Longmeadow High School was ranked #1 for “Best Places to Teach in Massachusetts” in 2019 by Niche.com, a popular website that rates schools, neighborhoods and companies based on data it collects. The website gave Longmeadow Public Schools an A+ in every category except for one– a C+ in diversity.
Peer Leaders met with LHS Principal Landers on January 16 to discuss the lack of diversity among the staff at LHS. In the entire school district there are less than 10 non-white teachers according to the Massachusetts School and District profiles from 2018-19. Junior Yasmine Rosewell, a mixed race (black and white) Peer Leader, says that having a teacher who looks like you “helps students create a bond with their teachers, and it gives them someone that they can look up to. It also helps students that maybe aren’t that race, see that [it’s] present, or that it’s something that they’re going to see in their daily life when they’re older and not living in Longmeadow.” LPS Superintendent Dr. Marty O’Shea is aware of this issue, he says, “we all recognize that it would be important and valuable to have teachers and staff members that are more reflective of the diversity, not just of Longmeadow, but of the wider world.” Mr. O’Gilvie, an art teacher at Williams Middle School, is the only black teacher at the school. “I didn’t have a black teacher until I was in high school and it just felt cool. My son, who’s at a school in Springfield, just had a black paraprofessional join them this year. He was so excited to have a black male teacher in the classroom. I know it matters. It mattered for me and it matters for him,” he says.
Mrs. Shelly Warren, who mentors the Peer Leaders and is also the school’s Substance Abuse Coordinator, thinks the imbalance in diversity doesn’t start “in Longmeadow, but it does start in society [as a result of] an inequitable access to education [and] a long history of racism in our country.” “Even in gateway cities and urban districts, where the student population is far more diverse than what we have here in Longmeadow, they’re challenged to find educators of color,” says Dr. O’Shea. Mr. O’Gilvie used to teach in California, and there was one school where he felt unwelcome as other teachers would barely speak to him. He also taught at a school in Chicago, where almost the entire staff was black. “It’s literally segregated in Chicago. The North side of Chicago is white and the South side of Chicago is black,” he says. History teacher Mr. Gideon Fischer says, “in the 1950s, many white families abandoned the inner cities and moved to the suburbs in a trend known as ‘white flight’ that persisted throughout the century.” This mass movement was a substantial contributor to segregated societies, and an example of this can be seen in the Springfield metro area today. Mr. O’Gilvie says, “I grew up in the North end of Springfield and moved up to the Mason Square area. When I did, or when black populations started to move there and Latino populations started to move to Mason square, then a number of white families moved out of that area.”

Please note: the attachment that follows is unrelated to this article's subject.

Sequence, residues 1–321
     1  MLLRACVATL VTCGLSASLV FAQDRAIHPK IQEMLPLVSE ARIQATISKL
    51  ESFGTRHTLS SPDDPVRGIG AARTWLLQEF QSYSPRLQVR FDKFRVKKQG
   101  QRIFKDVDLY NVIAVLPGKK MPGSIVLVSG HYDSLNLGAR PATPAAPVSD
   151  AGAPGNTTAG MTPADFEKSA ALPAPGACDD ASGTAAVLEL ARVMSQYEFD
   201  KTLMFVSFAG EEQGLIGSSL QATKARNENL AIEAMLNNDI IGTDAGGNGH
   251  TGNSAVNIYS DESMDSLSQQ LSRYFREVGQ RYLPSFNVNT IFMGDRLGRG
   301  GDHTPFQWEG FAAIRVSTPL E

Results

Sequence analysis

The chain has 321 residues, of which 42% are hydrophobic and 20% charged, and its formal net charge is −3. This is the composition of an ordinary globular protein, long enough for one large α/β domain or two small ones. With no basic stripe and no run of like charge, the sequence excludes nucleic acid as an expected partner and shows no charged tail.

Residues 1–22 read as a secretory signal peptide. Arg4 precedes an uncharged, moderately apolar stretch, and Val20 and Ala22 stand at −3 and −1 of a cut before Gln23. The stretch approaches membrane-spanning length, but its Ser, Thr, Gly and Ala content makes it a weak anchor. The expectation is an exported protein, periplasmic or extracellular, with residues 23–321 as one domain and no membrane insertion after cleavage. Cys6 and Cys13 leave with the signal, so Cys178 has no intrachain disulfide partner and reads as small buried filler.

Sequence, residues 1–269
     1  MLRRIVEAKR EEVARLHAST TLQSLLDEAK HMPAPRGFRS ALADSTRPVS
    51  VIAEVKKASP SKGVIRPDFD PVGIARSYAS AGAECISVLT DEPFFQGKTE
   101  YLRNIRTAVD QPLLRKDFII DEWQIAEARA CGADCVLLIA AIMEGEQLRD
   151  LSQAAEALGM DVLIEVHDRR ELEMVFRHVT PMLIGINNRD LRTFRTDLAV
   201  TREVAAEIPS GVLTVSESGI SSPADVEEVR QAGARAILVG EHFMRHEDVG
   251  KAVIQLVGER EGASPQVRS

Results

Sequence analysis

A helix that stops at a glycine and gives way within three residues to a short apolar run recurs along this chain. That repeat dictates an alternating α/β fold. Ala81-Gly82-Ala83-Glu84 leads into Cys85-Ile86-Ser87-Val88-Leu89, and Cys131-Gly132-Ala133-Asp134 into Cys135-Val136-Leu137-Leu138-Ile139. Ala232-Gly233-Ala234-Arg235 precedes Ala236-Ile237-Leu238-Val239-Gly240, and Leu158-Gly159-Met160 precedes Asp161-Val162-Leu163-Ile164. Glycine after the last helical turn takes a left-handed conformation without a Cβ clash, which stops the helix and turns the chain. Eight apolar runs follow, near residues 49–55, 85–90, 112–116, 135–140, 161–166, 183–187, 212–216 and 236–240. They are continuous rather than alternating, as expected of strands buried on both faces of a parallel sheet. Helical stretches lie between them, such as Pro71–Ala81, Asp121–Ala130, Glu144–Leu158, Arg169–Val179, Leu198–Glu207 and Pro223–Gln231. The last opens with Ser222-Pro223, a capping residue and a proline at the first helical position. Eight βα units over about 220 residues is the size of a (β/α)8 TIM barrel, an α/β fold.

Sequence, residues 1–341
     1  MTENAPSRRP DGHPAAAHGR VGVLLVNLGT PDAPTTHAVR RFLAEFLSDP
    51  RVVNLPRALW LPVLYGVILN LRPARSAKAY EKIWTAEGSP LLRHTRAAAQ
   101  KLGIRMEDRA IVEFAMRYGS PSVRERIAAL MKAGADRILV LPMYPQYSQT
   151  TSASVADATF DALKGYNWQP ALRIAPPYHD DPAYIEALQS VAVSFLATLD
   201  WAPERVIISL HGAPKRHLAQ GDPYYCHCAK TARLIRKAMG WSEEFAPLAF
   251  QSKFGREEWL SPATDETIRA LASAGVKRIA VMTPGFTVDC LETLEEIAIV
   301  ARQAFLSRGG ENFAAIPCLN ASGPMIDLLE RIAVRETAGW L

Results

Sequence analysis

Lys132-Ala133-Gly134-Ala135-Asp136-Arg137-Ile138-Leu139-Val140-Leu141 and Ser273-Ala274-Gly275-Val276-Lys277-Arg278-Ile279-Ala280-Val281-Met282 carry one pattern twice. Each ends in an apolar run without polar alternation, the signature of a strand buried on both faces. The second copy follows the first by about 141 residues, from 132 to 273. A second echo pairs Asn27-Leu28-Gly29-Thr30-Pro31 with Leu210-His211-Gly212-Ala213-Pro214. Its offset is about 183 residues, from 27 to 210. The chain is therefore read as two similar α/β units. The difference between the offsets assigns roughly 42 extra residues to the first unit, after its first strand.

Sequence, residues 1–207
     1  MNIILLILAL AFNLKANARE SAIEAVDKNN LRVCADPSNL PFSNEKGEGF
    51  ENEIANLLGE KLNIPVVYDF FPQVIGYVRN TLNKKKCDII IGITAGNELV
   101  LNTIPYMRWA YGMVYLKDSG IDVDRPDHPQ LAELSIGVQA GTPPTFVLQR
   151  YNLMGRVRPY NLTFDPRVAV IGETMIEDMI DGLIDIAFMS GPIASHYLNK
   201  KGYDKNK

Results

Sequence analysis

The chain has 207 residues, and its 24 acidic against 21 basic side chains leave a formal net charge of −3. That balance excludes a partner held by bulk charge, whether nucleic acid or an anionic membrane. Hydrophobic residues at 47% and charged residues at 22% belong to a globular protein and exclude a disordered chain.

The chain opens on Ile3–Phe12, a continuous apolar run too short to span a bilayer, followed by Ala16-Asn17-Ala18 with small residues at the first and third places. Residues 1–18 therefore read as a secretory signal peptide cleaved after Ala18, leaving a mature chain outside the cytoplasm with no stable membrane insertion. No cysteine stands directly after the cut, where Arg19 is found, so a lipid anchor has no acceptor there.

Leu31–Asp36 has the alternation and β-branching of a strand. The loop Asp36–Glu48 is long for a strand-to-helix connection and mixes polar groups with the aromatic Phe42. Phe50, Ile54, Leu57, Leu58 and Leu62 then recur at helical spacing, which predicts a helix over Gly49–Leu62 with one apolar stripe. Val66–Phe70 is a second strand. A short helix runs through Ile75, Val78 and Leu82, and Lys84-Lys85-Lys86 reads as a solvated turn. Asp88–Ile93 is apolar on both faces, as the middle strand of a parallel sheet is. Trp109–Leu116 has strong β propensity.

According to The Pew Research Center, 80% of all teachers in America are white, while more than 50% of public school students are not. Senior Peer Leader Bella Vecchiarelli says she wishes she had been exposed to more diverse teachers growing up. “I felt misdirected in the way the world was portrayed to me and I think it’s important to learn about the cultures and experiences of others,” she says. Ryan Kelly, a School Committee member and Principal of the Springfield Conservatory of the Arts, grew up in Springfield and attended Catholic school until college, “[college] was the first time I ever went to school with a Jewish kid. I came from a very not diverse [place] and then went to a college where there were people from 75 different countries and it was amazing. If it’s just suburban white people teaching suburban white kids, you have a pretty limited view of the world,” says Mr. Kelly.
There have been attempts in the past to tackle the lack of diverse teachers in the district such as “community conversations relating to the topic of equity and diversity” where Dr. O’Shea says he “received great feedback from community members and teachers.” The community conversations took place last May, and come springtime of this year new efforts will be made to diversify the staff. Dr. O’Shea has begun conversations with The Center for Leadership and Educational Equity (CLEE), whose mission “is to provide leaders with professional learning and support to create equitable outcomes for students in our schools.” CLEE will become partners with LHS as the school starts to engage stakeholders in how to more equitably serve the community. “The hope is that they would come in and engage students, parents, and teachers in focus group opportunities to get us to start to think about issues of diversity and inequity and to help us understand how we might diversify the teaching ranks,” says Dr. O’Shea. “Our students are high achieving, but it’s important that we pull that data apart and make sure that all students are enjoying the benefits of a great Longmeadow education.We have to think about not just how they’re doing on MCAS, but what are the outcomes for students after they graduate from school? Are they met with success when they go off to college and beyond?” Over the course of many months CLEE will collect and analyze data to see how all students are being benefited by the Longmeadow school system.